A note from Sarah
First of all, a special announcement: summer camps! Check out the website for our summer camp collaboration with the Society of Young Inklings. Right now we have three camps available that we’ll conduct via Zoom, but we’re working on bringing you more! We hope you’ll get creative with us this summer.
What have you been doing to keep yourself busy during social distancing?
I’ve found that in my spare time, I’ve been reading and cooking more than usual and have recently started a small garden. I hope you have also found some enjoyable hobbies to occupy yourself during this time. If you’d like to share what you’ve been doing, consider submitting a piece to our blog.
I really liked the prompt for this week’s Flash Contest, from Stone Soup contributor Molly Torinus, which is what got me thinking about hobbies in the first place. Molly asked you to think of your favorite superhero (or supervillain!) and imagine what they do in their down time. I can’t wait to read what you’ve come up with! In a similar vein, Stone Soup contributor Anna Rowell wrote a Daily Creativity prompt on Wednesday that asked you to take one of your favorite characters and create a story about how they would act during the time of coronavirus.
Both of these prompts ask you to dive into the world of fan fiction. If you’re not familiar, fan fiction is when a writer takes fictional characters or their worlds and adds onto them in their own story. While it’s fun to make up a story entirely of your own creation, sometimes it’s comforting to anchor your story with elements from books that you’ve read or movies you’ve seen. Maybe you’ve become attached to a character and want to place them in a new situation of your own invention. Or maybe you want to create a story where the characters from your two favorite stories meet! The possibilities for fan fiction are endless.One famous example of fan fiction is Death Comes to Pemberley by author P.D. James. The book takes place after the happily-ever-after conclusion of Jane Austen’s classic Pride and Prejudice. James takes the existing characters, like Elizabeth and Mr. Darcy, and places them in a new genre: murder mystery. Could you do something similar with one of your favorite books and imagine what could happen after “The End”?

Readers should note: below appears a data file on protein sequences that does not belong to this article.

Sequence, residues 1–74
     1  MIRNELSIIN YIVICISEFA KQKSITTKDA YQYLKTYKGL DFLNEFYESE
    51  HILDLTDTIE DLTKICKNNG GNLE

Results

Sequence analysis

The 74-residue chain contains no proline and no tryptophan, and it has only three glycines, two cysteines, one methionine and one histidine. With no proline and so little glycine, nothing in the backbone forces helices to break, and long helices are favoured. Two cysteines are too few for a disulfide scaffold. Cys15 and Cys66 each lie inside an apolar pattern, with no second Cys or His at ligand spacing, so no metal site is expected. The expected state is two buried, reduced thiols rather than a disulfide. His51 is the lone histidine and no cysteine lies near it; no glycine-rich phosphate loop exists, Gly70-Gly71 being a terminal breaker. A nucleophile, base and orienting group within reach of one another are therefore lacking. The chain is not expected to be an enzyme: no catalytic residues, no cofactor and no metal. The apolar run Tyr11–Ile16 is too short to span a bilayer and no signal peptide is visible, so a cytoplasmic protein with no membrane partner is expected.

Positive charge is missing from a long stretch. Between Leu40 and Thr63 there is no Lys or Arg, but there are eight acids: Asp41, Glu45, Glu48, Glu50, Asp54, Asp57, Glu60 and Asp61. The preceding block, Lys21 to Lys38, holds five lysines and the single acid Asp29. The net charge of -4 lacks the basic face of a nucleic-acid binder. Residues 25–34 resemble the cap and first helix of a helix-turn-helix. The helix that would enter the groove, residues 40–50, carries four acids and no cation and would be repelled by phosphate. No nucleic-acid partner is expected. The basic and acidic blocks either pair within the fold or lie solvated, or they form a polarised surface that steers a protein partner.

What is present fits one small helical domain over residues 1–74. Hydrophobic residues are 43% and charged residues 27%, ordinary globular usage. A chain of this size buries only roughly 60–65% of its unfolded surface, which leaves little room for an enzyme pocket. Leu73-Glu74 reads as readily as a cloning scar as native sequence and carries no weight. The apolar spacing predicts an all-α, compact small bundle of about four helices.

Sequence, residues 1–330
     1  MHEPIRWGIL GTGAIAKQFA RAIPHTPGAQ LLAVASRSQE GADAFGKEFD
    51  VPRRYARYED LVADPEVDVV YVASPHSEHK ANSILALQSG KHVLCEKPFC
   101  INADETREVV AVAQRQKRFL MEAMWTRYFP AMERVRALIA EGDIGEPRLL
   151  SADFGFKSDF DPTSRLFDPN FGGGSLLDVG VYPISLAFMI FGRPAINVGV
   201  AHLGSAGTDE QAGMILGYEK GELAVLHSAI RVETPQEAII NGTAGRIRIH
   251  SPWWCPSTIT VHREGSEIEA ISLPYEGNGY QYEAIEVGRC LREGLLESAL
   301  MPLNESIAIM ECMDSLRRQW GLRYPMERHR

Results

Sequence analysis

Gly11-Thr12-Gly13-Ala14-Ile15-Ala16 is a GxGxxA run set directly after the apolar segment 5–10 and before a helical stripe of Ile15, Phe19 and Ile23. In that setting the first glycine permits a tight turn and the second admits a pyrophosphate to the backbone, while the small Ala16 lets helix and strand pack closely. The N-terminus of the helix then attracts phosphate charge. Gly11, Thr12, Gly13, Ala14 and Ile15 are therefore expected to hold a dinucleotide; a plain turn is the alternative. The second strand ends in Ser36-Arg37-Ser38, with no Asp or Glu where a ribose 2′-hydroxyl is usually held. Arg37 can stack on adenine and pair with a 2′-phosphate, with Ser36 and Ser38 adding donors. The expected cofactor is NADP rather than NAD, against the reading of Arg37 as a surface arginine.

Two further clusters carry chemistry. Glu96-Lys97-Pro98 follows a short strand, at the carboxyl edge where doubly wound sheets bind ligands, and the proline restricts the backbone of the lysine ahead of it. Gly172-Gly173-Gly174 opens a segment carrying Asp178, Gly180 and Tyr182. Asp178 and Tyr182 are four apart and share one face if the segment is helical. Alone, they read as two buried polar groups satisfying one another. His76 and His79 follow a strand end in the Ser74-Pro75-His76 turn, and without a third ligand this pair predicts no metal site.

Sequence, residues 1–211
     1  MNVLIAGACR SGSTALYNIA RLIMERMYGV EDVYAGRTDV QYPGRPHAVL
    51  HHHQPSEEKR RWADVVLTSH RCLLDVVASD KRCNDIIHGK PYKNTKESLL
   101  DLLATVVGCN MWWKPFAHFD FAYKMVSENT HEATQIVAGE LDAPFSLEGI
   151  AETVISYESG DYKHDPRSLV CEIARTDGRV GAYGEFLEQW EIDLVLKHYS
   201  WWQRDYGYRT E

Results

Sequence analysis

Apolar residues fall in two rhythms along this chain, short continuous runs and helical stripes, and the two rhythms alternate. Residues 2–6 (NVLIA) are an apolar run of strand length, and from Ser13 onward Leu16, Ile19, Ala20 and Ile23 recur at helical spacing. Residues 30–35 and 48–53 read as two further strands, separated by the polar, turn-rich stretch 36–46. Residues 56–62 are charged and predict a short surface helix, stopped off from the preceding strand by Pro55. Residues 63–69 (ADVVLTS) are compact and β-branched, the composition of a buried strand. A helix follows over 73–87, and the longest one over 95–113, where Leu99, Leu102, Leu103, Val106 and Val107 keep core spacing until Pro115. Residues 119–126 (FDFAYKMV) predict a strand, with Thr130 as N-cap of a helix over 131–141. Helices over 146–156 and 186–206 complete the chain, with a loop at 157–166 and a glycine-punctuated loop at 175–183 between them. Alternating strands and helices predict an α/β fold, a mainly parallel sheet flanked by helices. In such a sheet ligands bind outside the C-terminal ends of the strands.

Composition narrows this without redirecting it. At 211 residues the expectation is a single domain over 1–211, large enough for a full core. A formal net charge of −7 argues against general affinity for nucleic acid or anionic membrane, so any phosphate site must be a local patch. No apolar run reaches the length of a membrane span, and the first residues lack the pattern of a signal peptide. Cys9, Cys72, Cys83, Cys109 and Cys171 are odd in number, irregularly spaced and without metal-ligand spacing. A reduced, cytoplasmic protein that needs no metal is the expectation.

If Molly or Anna’s prompt inspired you to write a fan fiction of your own, think about how you can expand your piece into something longer. What elements of the original story or character do you want to keep? And in what ways do you want to expand and explore new ground?
Winners from Weekly Flash Contest #7
The week commencing May 11 (Daily Creativity prompt #36) was our seventh week of flash contests, with another record number of entries including one from our youngest-ever Flash Contest entrant! We had fun meeting time travelers from different eras from ancient history (even dinosaurs!) to the present (yes, some time travel was projected into the future—it’s complicated!), and it was even harder than usual to choose our favorites. We commend all of the entrants for their imagination, and for the creative ways they found to bring their characters from the past into life in the present using clothes, language, and misunderstandings about contemporary everyday life to make them real.
This week, we are announcing our five winners, whose work is published below, plus five honorable mentions. Congratulations, everyone!